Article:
Why are nonhuman animals victims of harm?
We live in a culture that is deeply confused about other animals. Collectively, we may profess to be ‘animal lovers’ but in practice that love is reserved for a lucky few, including those we usually call ‘pets’, or is conditionally reserved for animals who perform for us on racetracks, in films or on TV. ‘Pets’ and nonhuman sporting or media celebrities are byfrom the consequences of getting mixed up with us humans, but we deliberately kill many, many more […]
This confusion between killing and caring is so habitual, that we often fail to recognize it, even when it’s right in front of our eyes. Our love for some animals even seems to excuse us from complicity in industrialized killing: In a current KFC TV advertising campaign, pairs of friends undertake the ‘KFC Friendship Bucket Test’: one has to answer a question about their friend, and match their written answer to be rewarded with a piece of a chicken’s body in their shared KFC bucket. Here’s how it pans out between one pair of women friends:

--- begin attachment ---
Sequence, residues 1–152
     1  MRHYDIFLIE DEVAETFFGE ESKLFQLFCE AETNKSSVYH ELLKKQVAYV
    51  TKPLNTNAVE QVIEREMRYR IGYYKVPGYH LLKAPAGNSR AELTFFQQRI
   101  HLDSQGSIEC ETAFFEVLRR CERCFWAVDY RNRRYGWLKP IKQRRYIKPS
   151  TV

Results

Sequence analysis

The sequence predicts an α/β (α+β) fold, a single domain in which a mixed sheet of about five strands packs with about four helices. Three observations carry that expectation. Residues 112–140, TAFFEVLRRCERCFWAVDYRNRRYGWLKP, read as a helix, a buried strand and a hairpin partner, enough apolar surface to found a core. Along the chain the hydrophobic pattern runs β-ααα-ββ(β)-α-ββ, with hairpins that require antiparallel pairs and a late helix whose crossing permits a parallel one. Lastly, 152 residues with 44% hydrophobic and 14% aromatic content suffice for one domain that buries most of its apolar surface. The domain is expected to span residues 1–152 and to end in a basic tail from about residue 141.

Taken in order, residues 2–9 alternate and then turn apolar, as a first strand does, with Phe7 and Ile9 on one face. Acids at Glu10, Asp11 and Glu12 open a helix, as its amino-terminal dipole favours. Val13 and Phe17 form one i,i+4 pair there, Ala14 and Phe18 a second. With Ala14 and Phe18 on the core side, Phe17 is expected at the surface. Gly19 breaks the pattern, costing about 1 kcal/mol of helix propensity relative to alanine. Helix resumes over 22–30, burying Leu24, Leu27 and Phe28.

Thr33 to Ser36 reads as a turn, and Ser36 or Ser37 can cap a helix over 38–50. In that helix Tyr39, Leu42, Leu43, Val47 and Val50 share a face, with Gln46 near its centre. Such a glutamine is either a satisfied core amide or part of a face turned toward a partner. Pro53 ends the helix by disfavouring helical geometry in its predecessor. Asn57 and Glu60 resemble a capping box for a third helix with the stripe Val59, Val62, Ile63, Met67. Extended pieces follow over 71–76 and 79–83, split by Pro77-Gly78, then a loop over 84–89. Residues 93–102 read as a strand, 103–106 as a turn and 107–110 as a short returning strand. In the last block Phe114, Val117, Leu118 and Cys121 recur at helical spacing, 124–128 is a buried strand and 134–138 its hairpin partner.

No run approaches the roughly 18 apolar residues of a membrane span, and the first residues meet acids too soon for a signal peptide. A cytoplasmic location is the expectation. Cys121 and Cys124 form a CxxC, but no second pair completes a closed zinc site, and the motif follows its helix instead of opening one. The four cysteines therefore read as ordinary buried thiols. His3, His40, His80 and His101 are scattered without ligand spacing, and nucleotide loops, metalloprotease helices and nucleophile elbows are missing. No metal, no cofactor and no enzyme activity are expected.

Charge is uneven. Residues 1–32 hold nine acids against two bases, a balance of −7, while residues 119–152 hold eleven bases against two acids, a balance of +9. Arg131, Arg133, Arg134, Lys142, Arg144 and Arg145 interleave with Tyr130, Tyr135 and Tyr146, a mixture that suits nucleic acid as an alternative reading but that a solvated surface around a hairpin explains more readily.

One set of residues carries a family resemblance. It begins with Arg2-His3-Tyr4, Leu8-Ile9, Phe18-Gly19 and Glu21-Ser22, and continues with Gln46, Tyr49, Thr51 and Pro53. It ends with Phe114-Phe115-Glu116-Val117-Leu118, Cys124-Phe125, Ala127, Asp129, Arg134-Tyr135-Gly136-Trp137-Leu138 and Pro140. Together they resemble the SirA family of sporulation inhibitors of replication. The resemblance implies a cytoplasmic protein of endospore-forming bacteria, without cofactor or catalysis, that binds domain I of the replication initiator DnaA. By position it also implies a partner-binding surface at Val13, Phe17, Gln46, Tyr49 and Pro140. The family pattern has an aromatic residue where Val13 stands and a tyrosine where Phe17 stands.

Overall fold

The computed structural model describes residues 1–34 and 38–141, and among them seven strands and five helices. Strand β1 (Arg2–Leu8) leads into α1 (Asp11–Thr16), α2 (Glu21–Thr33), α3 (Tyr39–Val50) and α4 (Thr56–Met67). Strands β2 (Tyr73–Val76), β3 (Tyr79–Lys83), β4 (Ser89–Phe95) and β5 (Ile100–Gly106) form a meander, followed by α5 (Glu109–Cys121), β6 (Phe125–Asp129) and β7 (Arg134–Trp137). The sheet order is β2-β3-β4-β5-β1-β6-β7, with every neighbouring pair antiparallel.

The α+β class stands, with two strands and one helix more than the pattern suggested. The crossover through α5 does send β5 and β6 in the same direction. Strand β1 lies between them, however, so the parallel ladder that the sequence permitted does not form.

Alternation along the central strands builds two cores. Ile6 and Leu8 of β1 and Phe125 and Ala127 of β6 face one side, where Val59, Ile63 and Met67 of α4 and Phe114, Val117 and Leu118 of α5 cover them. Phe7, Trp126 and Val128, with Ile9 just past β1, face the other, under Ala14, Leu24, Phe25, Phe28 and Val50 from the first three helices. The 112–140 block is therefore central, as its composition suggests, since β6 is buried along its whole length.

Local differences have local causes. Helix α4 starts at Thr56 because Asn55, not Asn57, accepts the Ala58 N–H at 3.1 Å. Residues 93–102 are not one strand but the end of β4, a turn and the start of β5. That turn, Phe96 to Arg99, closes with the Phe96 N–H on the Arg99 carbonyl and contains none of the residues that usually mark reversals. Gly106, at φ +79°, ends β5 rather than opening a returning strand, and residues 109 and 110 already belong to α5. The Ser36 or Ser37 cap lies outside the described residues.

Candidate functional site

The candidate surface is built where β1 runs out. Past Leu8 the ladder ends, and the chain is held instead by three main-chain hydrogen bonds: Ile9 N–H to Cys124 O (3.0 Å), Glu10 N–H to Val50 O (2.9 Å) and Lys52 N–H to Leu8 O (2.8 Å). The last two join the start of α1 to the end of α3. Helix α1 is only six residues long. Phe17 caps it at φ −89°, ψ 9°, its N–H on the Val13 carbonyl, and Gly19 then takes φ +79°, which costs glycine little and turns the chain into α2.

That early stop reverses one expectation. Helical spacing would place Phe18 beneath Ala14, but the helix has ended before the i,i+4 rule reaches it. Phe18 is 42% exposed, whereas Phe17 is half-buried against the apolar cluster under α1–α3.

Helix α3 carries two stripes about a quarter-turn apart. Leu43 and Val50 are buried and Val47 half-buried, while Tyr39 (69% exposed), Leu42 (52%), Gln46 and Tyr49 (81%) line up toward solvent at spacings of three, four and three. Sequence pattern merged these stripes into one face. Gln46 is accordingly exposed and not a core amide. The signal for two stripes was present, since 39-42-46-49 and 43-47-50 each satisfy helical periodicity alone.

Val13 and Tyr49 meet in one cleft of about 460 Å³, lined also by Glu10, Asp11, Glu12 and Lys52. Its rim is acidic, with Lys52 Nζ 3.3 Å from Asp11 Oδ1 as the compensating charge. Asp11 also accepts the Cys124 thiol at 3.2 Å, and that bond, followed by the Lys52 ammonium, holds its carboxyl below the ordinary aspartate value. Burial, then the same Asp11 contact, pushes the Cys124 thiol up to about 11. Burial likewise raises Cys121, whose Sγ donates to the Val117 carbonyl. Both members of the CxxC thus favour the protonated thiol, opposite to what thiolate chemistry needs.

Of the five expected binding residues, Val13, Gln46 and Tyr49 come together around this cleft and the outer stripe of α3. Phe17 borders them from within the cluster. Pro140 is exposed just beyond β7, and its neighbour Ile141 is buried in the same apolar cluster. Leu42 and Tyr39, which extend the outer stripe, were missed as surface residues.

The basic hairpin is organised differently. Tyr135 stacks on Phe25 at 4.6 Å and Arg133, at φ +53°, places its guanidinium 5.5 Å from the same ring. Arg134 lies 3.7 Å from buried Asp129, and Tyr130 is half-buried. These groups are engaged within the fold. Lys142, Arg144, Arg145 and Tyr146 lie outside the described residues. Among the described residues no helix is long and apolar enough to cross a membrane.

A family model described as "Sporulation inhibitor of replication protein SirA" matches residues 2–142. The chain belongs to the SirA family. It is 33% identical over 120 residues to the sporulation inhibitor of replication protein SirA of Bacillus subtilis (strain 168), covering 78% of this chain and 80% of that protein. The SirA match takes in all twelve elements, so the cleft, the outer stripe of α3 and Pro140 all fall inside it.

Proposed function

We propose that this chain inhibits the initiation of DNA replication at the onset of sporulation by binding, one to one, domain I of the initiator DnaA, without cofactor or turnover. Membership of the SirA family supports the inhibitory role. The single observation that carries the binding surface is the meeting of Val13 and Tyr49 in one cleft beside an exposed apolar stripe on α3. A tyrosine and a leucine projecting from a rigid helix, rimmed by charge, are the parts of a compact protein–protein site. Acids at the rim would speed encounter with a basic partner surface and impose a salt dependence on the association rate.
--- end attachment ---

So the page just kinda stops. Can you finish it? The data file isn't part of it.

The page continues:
Woman 1: ‘What would you save from a fire?’
Woman 2: (holding a placard with the word ‘Animals’ written on it): laughs.
This extract is from an article for the BSA (British Sociological Society) online magazine, Discover Society. The ‘confusion’ it highlights invites social scientific investigation, because social science has historically been preoccupied with humans, but not other animals. This course explores how that humanocentrism is challenged by the recent social science ‘animal turn’ (Peggs, 2012; Cudworth, 2011). Humanocentrism is the belief that humans are more important than other living things, including other animals. From this perspective, the importance given to other animals varies according to their perceived usefulness to humans. The animal turn means that the social sciences have begun paying increased attention to interconnections between humans and other animals. Most pertinently for criminology, this means an increased critical focus on how human-nonhuman interconnections are riven with inequalities and can produce harms.
This course explains how the animal turn directs criminological attention to nonhuman animals as victims. You will learn about social processes and structures that victimise other animals, and the perpetuation of harms through language and imagery. By the end of the course, you will have seen – and may find inspiration in – the expanding scope for criminological inquiry offered by the animal turn.
This OpenLearn course is an adapted extract from the Open University course DD311 Crime, harm and the state.